WASHINGTON, D.C.—With Terri Schiavo’s life waning, the focus of this political and legal drama shifts back to another key figure in this most emotional and angry of cases: Pinellas County Circuit Court Judge George Greer. He is the Florida jurist who originally ruled five years ago that the brain-damaged Schiavo, who had been in a persistent vegetative state for 10 years, had no hope for recovery and that her feeding could be removed. On Saturday, it was he who delivered what could likely be the final ruling that Terri should be allowed to die, against the wishes of her parents, a majority of the House and Senate members, and a cadre of dedicated right-to-life activists.
Greer is a conservative, a Baptist, a Republican, and no grandstander. One friend calls him a “plodder.” The
judge has such bad vision he has to memorize proclamations and can’t read anything further than a foot or two away. Yet he is very much in the sights of a sometimes violent movement, whose most ardent followers have advocated—and on occasion carried out—the murder of their opponents, including abortion providers.
The judge and his family are now reportedly surrounded by armed guards. Greer is married and has two grown sons. Protesters have appeared at his Clearwater home. The FBI arrested a North Carolina man it claimed put a $50,000 bounty on the head of a judge in the case, the Associated Press said. However, officials did not name the judge.
The county commission installed a special computer to handle the 100,000 e-mails the court got over the last
two weeks opposing the judge’s rulings. “The tone is very hateful,” Ron Stuart, a courts spokesman told the press. “People claim to be Christian, but the things they are wishing on people are not very Christian sounding.”
Judge Greer had to withdraw his membership in Clearwater’s Calvary Baptist Church two years ago, after the church paper printed stories attacking him. More recently, Pinellas voters received postcards asking them whether they suffered from “voter’s remorse” for re-electing Greer. Other postcards accused him of judicial murder. The judge’s home address went up on the Internet, and dead flowers arrived at his door. A friend wanted to go to lunch with Greer, but reported that the bodyguards wouldn’t let him go.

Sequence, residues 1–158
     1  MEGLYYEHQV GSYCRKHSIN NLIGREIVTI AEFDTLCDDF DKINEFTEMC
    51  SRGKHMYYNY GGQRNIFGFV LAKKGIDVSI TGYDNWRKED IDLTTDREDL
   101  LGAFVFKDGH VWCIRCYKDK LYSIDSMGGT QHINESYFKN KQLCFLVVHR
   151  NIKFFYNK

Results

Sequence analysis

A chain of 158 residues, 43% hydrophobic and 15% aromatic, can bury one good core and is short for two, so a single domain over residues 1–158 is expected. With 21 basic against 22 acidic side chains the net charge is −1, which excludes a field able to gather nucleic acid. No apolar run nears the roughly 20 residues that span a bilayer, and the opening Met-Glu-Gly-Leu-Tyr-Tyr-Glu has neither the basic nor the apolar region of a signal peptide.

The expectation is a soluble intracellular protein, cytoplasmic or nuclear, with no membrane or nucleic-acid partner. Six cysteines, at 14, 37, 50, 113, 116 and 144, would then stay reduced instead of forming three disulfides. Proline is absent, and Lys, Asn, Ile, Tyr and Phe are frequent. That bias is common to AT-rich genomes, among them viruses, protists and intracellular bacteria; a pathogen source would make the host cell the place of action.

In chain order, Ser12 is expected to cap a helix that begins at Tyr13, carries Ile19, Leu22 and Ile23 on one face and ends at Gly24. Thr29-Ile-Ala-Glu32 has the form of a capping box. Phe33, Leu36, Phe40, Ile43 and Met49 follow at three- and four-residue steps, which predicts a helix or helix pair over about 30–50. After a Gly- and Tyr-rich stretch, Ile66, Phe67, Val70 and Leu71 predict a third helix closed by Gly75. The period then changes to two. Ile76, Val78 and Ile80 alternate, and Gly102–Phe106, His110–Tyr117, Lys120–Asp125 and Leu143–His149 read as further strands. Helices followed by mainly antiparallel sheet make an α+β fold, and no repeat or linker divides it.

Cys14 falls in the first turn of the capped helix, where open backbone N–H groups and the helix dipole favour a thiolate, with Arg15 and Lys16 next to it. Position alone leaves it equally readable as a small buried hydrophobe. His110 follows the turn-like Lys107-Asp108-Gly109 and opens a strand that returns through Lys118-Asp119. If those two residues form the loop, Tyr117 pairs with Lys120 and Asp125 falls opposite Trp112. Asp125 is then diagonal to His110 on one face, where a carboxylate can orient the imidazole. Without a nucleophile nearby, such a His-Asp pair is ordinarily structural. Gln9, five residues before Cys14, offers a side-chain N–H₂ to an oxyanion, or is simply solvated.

“There are very few people who have shown the will to stand up to raw power,” Stetson University law professor Michael Allen, told the AP. “He’s one.”
“This is simply a case of people not liking this decision, and the fact that a judge is standing up to this is quite important,” Allen added.
This weekend, Greer rejected rejected arguments by Bob and Mary Schiavo, Terri’s parents that their daughter had tried to say “I want to live” before her feeding tube was removed on March 18. They argued that she made the sounds “AHHHHH” and “WAAAAAAA” when asked to repeat the phrase.
Greer was firm. “All of the credible medical evidence this court has received over the last five years” suggested Schiavo was not cognitively aware, he ruled. In the past, doctors said Terri’s utterances were involuntary moans consistent with those of someone in a vegetative state.
Informed that Greer had turned them down again, Bob Schindler said sarcastically, “He did? Great surprise.” The Schindlers have tried to get Greer thrown off the case, but have failed.
Greer also stood up to Congress, rejecting an attempt by the House to subpoena Terri in order to force the reinsertion of the feeding tube.
Probably the worst blow came when the pastor of his church asked him to leave. “You must know that in all likelihood it is this case which will define your career and this case that you will remember in the waning days of life,” Calvary Baptist Pastor William Rice wrote to his parishioner. “I hope you can find a way to side with the angels and become an answer to the prayers of thousands.”
Friends say Greer is “worn out” by the case, but as one put it, the judge is “still hanging in there.”
Greer’s uncomfortable turn in the spotlight comes after a Georgia judge was recently assassinated on the bench and the husband and mother of a Chicago federal district judge were killed. Fulton County Court Judge Rowland W. Barnes,
64, was killed when a defendant grabbed a gun from a deputy sheriff and opened fire, officials said. U.S. District Judge Joan Humphrey Lefkow just missed getting killed when she arrived home after work to find her mother and husband slain by a man she had ruled against who later committed suicide.
This article from the Village Voice Archive was posted on March 22, 2005